Mango Sentinel

Je pense, donc je suis

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Self Awareness is Hard

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In the words of Harvard Business Review writer Anthony K. Tjan, “…there is one quality that trumps all, evident in virtually every great entrepreneur, manager, and leader. That quality is self-awareness. The best thing leaders can [do] to improve their effectiveness is to become more aware of what motivates them and their decision-making.” 

Taking pause, and allowing a moment of reflection where we gain clarity and realize our foolishness is so vital to cultivating self-awareness. You’re fighting against all your adaptive and evolutionary behaviors—your mind is hardwired to protect itself at all times—so instead of expending energy on fruitless actions for the sake of a damaged ego, you pause, reflect, and do what’s best for you.

Self-awareness is defined as conscious knowledge of oneself; it’s a stepping stone to reinventing oneself, learning to make wiser decisions, and helps you tune into your thoughts and feelings. So often we place blame on externalities because it’s the easiest excuse, when in fact we should be thinking about our thinking, reflecting, trying on different perspectives, and learning from our mistakes. 

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Filed under skills development self awareness find yourself

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The ‘Design Process’ as told by a disassembled AK47 bullet

Each piece of the bullet represents a different part of the design process. “Inspiration” is represented by the primer. A small explosion puts everything in motion. Inspiration is a tricky business: Obsession with your interests alone leads to unproductive fantasy, while obsession with capabilities alone leads to paralyzing fear. Inspiration ignites when you’re brutally honest about both. The explosion from the primer is controlled by the shell casing, labeled as “discipline,” which contains and directs your energy.Gunpowder represents the risks implicit in the design process. When you start bringing an idea into the world, you don’t know how it will behave. If the idea is worth anything, there’s no precedent. If you fear or try to mitigate this uncertainty, the inspiration will remain an idea.The bullet tip? That’s humility. Design your project to cut through apathy and reach those who will appreciate it, but realize that once it’s in the world, its success and failure are no longer yours. Temperature, dew point, and Earth’s rotation affect a bullet’s flight as much as the shooter’s intention.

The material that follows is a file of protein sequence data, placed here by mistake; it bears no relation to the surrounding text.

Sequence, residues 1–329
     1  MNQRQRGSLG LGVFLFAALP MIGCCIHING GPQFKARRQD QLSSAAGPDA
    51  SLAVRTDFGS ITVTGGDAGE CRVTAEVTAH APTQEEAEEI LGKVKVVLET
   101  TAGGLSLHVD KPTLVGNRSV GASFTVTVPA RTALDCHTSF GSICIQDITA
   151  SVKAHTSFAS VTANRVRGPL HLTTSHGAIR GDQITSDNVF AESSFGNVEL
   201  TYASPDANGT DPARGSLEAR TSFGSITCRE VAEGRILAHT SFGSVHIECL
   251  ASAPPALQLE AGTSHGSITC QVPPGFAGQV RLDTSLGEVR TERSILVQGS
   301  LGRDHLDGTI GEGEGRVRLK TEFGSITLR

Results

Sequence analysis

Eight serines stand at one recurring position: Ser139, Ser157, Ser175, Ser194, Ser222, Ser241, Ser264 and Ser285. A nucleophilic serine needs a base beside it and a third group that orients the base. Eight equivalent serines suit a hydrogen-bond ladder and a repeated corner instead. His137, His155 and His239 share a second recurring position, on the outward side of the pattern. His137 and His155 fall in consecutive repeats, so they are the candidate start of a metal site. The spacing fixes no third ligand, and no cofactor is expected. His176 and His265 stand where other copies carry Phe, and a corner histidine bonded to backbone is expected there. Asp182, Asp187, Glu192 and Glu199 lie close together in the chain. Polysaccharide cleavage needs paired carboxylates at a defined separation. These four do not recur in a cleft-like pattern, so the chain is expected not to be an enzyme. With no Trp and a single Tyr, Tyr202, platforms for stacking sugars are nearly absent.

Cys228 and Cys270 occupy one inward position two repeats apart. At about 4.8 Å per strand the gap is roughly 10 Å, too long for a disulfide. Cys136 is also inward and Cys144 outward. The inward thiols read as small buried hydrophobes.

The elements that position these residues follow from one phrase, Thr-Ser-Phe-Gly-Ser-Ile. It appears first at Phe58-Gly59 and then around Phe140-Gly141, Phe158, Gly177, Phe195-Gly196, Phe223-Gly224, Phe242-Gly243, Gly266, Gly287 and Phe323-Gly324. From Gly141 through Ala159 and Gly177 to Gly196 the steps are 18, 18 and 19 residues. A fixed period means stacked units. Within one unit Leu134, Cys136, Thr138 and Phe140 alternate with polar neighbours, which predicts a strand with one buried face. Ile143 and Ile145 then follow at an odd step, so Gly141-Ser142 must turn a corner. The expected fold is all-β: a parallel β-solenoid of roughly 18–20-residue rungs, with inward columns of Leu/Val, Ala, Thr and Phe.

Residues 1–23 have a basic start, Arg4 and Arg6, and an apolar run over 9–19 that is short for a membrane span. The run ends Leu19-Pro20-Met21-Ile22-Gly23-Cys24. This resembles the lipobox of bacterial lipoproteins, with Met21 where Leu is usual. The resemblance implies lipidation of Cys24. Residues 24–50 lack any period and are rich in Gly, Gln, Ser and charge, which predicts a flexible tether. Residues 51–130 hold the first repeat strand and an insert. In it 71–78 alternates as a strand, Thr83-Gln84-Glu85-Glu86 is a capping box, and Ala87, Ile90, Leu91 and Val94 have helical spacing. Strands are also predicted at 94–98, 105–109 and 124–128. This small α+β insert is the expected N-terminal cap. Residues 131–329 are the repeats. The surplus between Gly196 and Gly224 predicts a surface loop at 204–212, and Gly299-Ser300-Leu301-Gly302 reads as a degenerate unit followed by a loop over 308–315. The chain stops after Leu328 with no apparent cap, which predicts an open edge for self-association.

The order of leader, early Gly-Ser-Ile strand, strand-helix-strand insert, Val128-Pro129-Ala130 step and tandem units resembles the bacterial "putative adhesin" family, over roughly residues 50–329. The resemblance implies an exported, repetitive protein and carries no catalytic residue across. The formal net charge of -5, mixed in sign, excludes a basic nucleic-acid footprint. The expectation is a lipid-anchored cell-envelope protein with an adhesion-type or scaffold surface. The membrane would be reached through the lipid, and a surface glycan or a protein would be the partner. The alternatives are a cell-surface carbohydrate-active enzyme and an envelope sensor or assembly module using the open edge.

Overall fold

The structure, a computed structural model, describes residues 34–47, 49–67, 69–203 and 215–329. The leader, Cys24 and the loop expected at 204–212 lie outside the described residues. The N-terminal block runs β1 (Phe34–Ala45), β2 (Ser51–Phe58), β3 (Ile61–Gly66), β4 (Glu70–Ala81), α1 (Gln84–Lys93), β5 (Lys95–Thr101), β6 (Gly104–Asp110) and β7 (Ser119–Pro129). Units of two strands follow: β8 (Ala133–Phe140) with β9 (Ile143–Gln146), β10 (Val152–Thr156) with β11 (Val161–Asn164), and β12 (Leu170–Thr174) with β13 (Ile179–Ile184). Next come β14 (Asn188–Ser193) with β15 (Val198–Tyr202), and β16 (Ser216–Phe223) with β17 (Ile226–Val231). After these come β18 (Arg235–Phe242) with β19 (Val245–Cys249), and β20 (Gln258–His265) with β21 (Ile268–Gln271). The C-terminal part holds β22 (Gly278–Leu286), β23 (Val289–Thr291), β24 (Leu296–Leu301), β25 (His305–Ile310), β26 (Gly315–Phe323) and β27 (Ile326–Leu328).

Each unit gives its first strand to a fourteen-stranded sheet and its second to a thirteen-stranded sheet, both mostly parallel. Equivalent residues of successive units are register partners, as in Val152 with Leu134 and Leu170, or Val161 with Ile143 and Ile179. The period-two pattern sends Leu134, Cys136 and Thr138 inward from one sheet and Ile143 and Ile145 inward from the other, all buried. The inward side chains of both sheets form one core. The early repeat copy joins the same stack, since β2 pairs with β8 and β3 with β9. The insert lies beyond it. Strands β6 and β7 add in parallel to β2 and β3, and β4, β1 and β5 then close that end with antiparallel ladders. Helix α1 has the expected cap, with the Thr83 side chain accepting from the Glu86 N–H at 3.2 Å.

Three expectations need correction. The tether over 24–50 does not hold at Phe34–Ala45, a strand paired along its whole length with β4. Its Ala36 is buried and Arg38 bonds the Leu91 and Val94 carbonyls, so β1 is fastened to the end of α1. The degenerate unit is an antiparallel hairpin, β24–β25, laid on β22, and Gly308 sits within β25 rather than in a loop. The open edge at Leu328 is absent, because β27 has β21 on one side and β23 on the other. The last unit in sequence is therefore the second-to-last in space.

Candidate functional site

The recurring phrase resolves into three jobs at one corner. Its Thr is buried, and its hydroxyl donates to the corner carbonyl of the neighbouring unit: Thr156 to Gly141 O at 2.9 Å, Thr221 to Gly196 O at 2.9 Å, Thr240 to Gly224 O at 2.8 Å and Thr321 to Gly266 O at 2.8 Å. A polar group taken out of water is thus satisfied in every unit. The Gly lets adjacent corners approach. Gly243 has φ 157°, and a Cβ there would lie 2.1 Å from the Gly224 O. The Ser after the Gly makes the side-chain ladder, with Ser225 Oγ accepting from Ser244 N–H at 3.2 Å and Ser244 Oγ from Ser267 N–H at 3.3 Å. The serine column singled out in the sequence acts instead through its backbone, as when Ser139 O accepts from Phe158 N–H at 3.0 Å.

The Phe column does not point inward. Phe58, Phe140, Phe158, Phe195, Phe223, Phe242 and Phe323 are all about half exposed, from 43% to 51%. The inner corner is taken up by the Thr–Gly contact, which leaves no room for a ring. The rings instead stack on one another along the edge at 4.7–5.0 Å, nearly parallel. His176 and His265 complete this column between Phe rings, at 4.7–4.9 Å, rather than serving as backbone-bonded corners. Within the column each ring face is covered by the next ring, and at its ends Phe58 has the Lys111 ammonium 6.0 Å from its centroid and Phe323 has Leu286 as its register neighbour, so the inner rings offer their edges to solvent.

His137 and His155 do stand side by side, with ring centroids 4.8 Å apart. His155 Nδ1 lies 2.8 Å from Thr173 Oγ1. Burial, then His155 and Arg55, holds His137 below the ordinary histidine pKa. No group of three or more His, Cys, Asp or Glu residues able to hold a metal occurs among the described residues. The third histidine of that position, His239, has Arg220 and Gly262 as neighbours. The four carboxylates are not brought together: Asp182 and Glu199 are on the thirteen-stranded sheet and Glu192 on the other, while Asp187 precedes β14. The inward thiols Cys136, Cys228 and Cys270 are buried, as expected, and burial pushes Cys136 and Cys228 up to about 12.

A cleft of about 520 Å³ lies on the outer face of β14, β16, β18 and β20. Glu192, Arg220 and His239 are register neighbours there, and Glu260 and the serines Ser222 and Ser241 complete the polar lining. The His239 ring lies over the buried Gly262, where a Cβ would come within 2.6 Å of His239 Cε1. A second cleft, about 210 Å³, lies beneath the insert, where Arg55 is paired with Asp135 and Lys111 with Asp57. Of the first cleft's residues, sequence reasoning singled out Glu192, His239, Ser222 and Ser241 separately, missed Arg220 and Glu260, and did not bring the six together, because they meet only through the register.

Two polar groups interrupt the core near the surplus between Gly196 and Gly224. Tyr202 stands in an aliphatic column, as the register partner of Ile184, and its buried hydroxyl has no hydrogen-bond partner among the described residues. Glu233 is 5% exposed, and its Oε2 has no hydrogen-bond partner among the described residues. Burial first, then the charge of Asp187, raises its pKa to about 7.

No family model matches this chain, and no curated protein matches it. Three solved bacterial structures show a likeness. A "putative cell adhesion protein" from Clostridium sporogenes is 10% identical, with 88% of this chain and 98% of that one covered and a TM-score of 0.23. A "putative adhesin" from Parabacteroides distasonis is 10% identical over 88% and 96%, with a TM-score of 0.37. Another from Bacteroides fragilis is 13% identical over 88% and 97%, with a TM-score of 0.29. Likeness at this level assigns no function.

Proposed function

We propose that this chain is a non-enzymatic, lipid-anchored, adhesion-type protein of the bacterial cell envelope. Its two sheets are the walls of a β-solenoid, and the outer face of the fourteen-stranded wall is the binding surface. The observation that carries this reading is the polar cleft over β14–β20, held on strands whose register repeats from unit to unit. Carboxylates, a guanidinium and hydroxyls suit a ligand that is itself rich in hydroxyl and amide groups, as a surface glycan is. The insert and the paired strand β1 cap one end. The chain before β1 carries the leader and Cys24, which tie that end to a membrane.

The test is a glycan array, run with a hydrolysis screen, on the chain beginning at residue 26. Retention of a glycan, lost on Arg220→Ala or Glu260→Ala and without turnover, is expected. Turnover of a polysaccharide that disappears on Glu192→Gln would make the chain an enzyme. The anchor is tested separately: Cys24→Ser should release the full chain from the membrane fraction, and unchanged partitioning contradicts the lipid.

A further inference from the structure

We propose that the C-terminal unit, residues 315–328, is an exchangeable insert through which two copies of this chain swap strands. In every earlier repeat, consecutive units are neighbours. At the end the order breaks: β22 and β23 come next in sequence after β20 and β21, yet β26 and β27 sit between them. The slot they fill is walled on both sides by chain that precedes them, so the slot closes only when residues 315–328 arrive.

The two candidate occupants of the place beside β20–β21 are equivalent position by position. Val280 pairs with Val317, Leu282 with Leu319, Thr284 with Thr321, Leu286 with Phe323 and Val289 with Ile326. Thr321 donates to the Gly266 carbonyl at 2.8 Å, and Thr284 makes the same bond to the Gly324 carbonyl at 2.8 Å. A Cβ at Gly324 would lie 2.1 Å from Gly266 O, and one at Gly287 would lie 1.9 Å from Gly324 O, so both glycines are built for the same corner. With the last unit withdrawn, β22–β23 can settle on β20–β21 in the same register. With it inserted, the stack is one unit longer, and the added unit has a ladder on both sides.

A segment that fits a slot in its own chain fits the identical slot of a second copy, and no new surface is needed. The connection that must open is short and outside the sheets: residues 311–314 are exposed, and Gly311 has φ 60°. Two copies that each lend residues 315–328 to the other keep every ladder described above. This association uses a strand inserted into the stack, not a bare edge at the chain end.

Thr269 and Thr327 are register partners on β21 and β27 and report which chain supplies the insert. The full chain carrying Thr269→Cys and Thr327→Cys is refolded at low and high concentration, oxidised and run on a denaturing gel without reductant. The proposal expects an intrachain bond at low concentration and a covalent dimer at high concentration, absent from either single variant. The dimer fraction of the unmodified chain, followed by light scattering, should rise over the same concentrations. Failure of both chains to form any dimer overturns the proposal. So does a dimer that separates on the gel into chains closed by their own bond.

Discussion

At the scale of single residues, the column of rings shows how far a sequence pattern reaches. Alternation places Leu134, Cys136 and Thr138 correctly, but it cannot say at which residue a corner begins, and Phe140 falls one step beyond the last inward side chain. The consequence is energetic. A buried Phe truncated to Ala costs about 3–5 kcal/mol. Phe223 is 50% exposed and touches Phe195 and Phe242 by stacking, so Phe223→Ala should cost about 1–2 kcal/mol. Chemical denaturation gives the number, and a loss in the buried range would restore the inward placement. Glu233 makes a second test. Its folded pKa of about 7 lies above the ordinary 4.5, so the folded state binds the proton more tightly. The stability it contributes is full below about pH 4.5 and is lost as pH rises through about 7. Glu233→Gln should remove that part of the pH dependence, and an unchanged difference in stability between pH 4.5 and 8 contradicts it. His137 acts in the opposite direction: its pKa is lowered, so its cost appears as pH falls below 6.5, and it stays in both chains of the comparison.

The ‘Design Process’ as told by a disassembled AK47 bullet

Each piece of the bullet represents a different part of the design process. 

Inspiration” is represented by the primer. A small explosion puts everything in motion. Inspiration is a tricky business: Obsession with your interests alone leads to unproductive fantasy, while obsession with capabilities alone leads to paralyzing fear. Inspiration ignites when you’re brutally honest about both. The explosion from the primer is controlled by the shell casing, labeled as “discipline,” which contains and directs your energy.

Gunpowder represents the risks implicit in the design process. When you start bringing an idea into the world, you don’t know how it will behave. If the idea is worth anything, there’s no precedent. If you fear or try to mitigate this uncertainty, the inspiration will remain an idea.

The bullet tip? That’s humility. Design your project to cut through apathy and reach those who will appreciate it, but realize that once it’s in the world, its success and failure are no longer yours. Temperature, dew point, and Earth’s rotation affect a bullet’s flight as much as the shooter’s intention.

 

Filed under design process ak47 discipline risks humility Inspiration

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The Benefits of a Standing Desk

I’m huge advocate of standing desk, everyone who works with me knows this. I’ve done everything from sitting, to yoga ball chairs, to even the treadmill desk. And the standing desk was my personal favorite (treadmill got me too distracted, so it serves more for those that really have no opportunity to exercise in their life, IMO).

Although most places I’ve worked have required a doctor’s note (something I’m still struggling to understand the reasoning behind), I’ve managed to weasel through that protocol and ‘build’ my own. It should be mentioned that I use the word build with quotations b/c it isn’t always pretty, and it usually involves boxes, tape, and stacks of books.

It dawned on me today, the wonder of why certain places have yet to adopt the “standing desk culture” (not saying all employees should have it, but that the option to have it is open). And I thought I would list the benefits, other places that use it and even a favorite option of mine too.

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Filed under standing desk office workplace